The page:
Fa­ther’s Day ad­vert ruf­fles feath­ers

The Star Early Edition - - FRONT PAGE - KHAYA KOKO @khayakoko88 khaya.koko@inl.co.za

OUT­surance has blamed a ju­nior em­ployee for the “anti-Black” Fa­ther’s Day so­cial me­dia ad­vert that back­fired on the com­pany af­ter it caused a furore on so­cial me­dia.

The con­tro­ver­sial ad­vert shows sev­eral col­lated video scenes where men – pur­port­edly fa­thers, who are mostly white – do a myr­iad pos­i­tive ac­tiv­i­ties with their chil­dren to cel­e­brate yes­ter­day’s Fa­ther’s Day.

The video ad­vert was cap­tioned: “Happy #Father­sDay to all amaz­ing dads out there.” But Twit­ter users were scathing in their crit­i­cism of the in­sur­ance com­pany for the ad­vert, ar­gu­ing the cam­paign was not rep­re­sen­ta­tive of the coun­try’s de­mo­graph­ics and showed that only white men made good fa­thers.

One user, Pholoho Sele­bano, wrote: “@OUT­surance first you raised R250 000 for Knysna fires, but have never do­nated to the shack fire vic­tims. Now an anti-Black fa­thers day ad (sic).”

Peter Cronjé, head of mar­ket­ing at the in­sur­ance com­pany, ac­knowl­edged that the ad­vert was “de­mo­graph­i­cally in­ap­pro­pri­ate”, point­ing the fin­ger squarely at a ju­nior em­ployee for the “un­in­ten­tional over­sight”.

“This ad­vert was created by one of our ju­nior ladies in the so­cial me­dia depart­ment and I be­lieve she made an in­no­cent mis­take when she created and posted this video.

“This is the first time we have had trou­ble with one of our ads be­cause we make sure that they are rep­re­sen­ta­tive of the coun­try’s de­mo­graph­ics,” Cronjé told The Star shortly af­ter re­mov­ing the cam­paign from the com­pany’s so­cial me­dia sites.

He em­pha­sised that the Knysna money col­lected went to the ma­jor­ity black neigh­bour­hoods of the town, which was re­cently af­fected by run­away veld fires.

Asked whether he had seen and ap­proved the ad­vert be­fore its pub­lish­ing, Cronjé said he hadn’t, be­fore adding: “We give our so­cial me­dia em­ploy­ees some lee­way to run cam­paigns in or­der to em­power our young staff.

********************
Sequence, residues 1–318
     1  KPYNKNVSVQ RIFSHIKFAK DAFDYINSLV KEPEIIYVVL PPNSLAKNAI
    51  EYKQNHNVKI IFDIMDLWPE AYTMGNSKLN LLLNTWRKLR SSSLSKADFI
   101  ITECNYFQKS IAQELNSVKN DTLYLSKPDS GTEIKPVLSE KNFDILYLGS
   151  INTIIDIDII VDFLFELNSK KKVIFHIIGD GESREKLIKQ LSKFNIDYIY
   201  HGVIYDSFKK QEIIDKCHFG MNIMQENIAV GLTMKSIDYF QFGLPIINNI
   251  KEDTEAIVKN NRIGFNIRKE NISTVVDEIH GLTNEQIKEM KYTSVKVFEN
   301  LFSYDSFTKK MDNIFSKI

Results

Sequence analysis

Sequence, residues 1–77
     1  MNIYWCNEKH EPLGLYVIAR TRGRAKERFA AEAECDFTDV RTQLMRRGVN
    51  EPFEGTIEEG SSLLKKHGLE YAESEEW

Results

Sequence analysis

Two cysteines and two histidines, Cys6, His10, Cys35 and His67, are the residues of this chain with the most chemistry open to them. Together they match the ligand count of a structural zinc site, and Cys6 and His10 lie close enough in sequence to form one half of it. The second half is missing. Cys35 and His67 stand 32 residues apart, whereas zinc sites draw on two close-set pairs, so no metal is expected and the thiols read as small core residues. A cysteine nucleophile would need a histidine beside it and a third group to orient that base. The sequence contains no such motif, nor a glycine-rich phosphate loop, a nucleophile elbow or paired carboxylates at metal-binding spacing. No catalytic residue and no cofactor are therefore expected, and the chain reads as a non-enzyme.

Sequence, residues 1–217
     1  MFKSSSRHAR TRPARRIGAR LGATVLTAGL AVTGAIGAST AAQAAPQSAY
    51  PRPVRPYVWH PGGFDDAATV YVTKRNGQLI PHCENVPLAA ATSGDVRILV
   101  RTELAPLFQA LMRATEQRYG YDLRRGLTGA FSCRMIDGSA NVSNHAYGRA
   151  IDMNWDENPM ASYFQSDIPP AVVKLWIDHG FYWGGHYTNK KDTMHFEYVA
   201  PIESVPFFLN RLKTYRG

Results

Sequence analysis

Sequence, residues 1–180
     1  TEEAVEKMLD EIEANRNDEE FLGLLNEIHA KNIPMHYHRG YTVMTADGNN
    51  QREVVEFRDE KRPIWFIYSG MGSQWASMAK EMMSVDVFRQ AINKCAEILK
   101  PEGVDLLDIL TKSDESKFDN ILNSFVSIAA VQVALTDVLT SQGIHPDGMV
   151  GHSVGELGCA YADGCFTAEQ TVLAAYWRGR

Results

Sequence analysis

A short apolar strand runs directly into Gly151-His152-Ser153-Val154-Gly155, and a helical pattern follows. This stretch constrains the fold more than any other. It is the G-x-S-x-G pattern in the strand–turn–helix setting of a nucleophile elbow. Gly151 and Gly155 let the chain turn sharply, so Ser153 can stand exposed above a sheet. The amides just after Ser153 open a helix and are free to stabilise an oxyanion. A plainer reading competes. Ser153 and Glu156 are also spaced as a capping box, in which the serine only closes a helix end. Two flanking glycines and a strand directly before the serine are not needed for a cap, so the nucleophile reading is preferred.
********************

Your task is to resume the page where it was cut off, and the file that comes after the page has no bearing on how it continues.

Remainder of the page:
“I will have a word with the young lady to make her more aware of how our cam­paigns should re­flect South Africa’s de­mo­graph­ics.”

How­ever, so­cial ac­tivist Yusuf Abram­jee al­luded to a sim­i­lar Mother’s Day ad­vert by OUT­surance, where all the women and chil­dren in it were white. Abram­jee told The Star he was very dis­ap­pointed with OUT­surance – a com­pany he worked with dur­ing his time as the head of ac­tivist group LeadSA – for not “re­form­ing” in line with South Africa’s quest for non-racial­ism.

“South Africa has been a democ­racy for 23 years now and for a com­pany like OUT­surance to have an ad which is 99% white – I think there is one per­son of colour in that whole ad­vert, if I’m not mis­taken – I think it’s a dis­grace,” he as­serted.

“If I was an OUT­surance client, I would se­ri­ously re­con­sider my busi­ness with them as a per­son of colour.”

Cronjé said he still had to dis­cuss with his fel­low ex­ec­u­tives whether they would take down the Mother’s Day ad­vert, adding that the com­pany’s so­cial me­dia ad­verts do not un­dergo the same “strin­gent de­mo­graphic” fil­ter­ing as TV ad­verts do.

“OUT­surance is a re­spon­si­ble cor­po­rate cit­i­zen and peo­ple should not think we are racist,” he said, al­lud­ing to var­i­ous ini­tia­tives that he said the com­pany does to up­lift black peo­ple, in­clud­ing the “only black” points men and women the com­pany em­ploys to ease traf­fic con­ges­tion in Gaut­eng met­ros.

AD­VERT DEEMED ‘UN­FIT’: A screen grab of an OUT­surance Fa­ther’s Day ad­vert that caused a storm on so­cial me­dia as it mostly fea­tured white dads.

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